News / Asia

French National in China for Questioning in Bo Scandal

Photo of Keystone House, an office block believed to be the living place of Gu Kailai, wife of China's former Chongqing Municipality Communist Party Secretary Bo Xilai, is seen in Bournemouth, England, April 18, 2012.Photo of Keystone House, an office block believed to be the living place of Gu Kailai, wife of China's former Chongqing Municipality Communist Party Secretary Bo Xilai, is seen in Bournemouth, England, April 18, 2012.
x
Photo of Keystone House, an office block believed to be the living place of Gu Kailai, wife of China's former Chongqing Municipality Communist Party Secretary Bo Xilai, is seen in Bournemouth, England, April 18, 2012.
Photo of Keystone House, an office block believed to be the living place of Gu Kailai, wife of China's former Chongqing Municipality Communist Party Secretary Bo Xilai, is seen in Bournemouth, England, April 18, 2012.
Luke Hunt
PHNOM PENH — A French architect detained in Cambodia for several weeks has flown to Shanghai where he is wanted for questioning in connection with the biggest political scandal to hit China in decades.
 
Patrick Devillers was initially arrested here following a request from China where authorities are engaged in the high-profile investigation of disgraced politician Bo Xilai and his wife Gu Kailai.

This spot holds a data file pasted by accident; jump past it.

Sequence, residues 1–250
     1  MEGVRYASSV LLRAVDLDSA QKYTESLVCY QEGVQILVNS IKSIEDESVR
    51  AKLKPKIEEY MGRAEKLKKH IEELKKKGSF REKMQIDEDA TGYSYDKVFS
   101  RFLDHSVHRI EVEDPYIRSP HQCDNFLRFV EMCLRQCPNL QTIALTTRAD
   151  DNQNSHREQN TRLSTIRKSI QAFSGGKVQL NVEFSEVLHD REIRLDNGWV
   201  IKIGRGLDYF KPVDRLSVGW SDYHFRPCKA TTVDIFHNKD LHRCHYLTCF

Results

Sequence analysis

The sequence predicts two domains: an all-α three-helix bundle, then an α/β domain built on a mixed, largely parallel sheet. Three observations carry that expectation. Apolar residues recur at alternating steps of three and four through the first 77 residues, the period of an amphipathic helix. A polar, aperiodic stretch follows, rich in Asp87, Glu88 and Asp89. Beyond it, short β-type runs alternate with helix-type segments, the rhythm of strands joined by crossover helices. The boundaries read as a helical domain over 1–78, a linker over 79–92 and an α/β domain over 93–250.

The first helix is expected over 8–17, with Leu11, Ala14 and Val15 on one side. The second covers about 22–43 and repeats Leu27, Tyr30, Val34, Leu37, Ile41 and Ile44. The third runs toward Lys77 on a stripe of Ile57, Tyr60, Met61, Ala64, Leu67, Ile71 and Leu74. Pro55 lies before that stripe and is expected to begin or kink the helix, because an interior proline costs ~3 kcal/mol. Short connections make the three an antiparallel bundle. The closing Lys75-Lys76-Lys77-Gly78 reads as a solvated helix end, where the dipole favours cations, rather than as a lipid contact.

Chinese authorities are believed to be interested in questioning Devillers about his relationship with Gu Kailai, who is under investigation for last year’s murder of British businessman Neil Heywood.
 
Cambodia authorities detained Devillers on June 13, but did not charge him with any crime. Authorities say he was taken to Phnom Penh International Airport on Monday night where he boarded a flight of his own free will.

In Paris, Alexis Berthier, the assistant spokesperson for the French ministry of foreign affairs told VOA that Devillers chose to go to China after consulting with lawyers and Chinese authorities, but French diplomats were not present for the meeting.  
 
"He made his decision about going back to China after discussions with the Chinese authorities. He informed us that he received some guarantees about what would be going on once he gets to China," said Berthier. "So after this what we can do as the French diplomatic corps is that we can guarantee that he gets full consular protection while he is there."

Berthier said he could not comment if Devillers was under duress when he made the decision, and was not able to say whether or not Devillers would be under some sort of detention while in Beijing.
 
Ray Leos is a local political commentator and Dean of Communications at Pannasastra University here in Phnom Penh. He said Devillers late night flight should not come as a surprise while his fate will be monitored closely from abroad.
 
“Well it remains to be seen but I will say that by all indications Mr. Devillers left of his own accord of his own free will. With regards to Cambodia and China over the last 20 years or so they have had a very close relationship,” said Leos.
 
Devillers had lived in the city of Dalian in the early 1990s when Bo was mayor and is believed to have had business ties with the politician who had been a rising star in the party.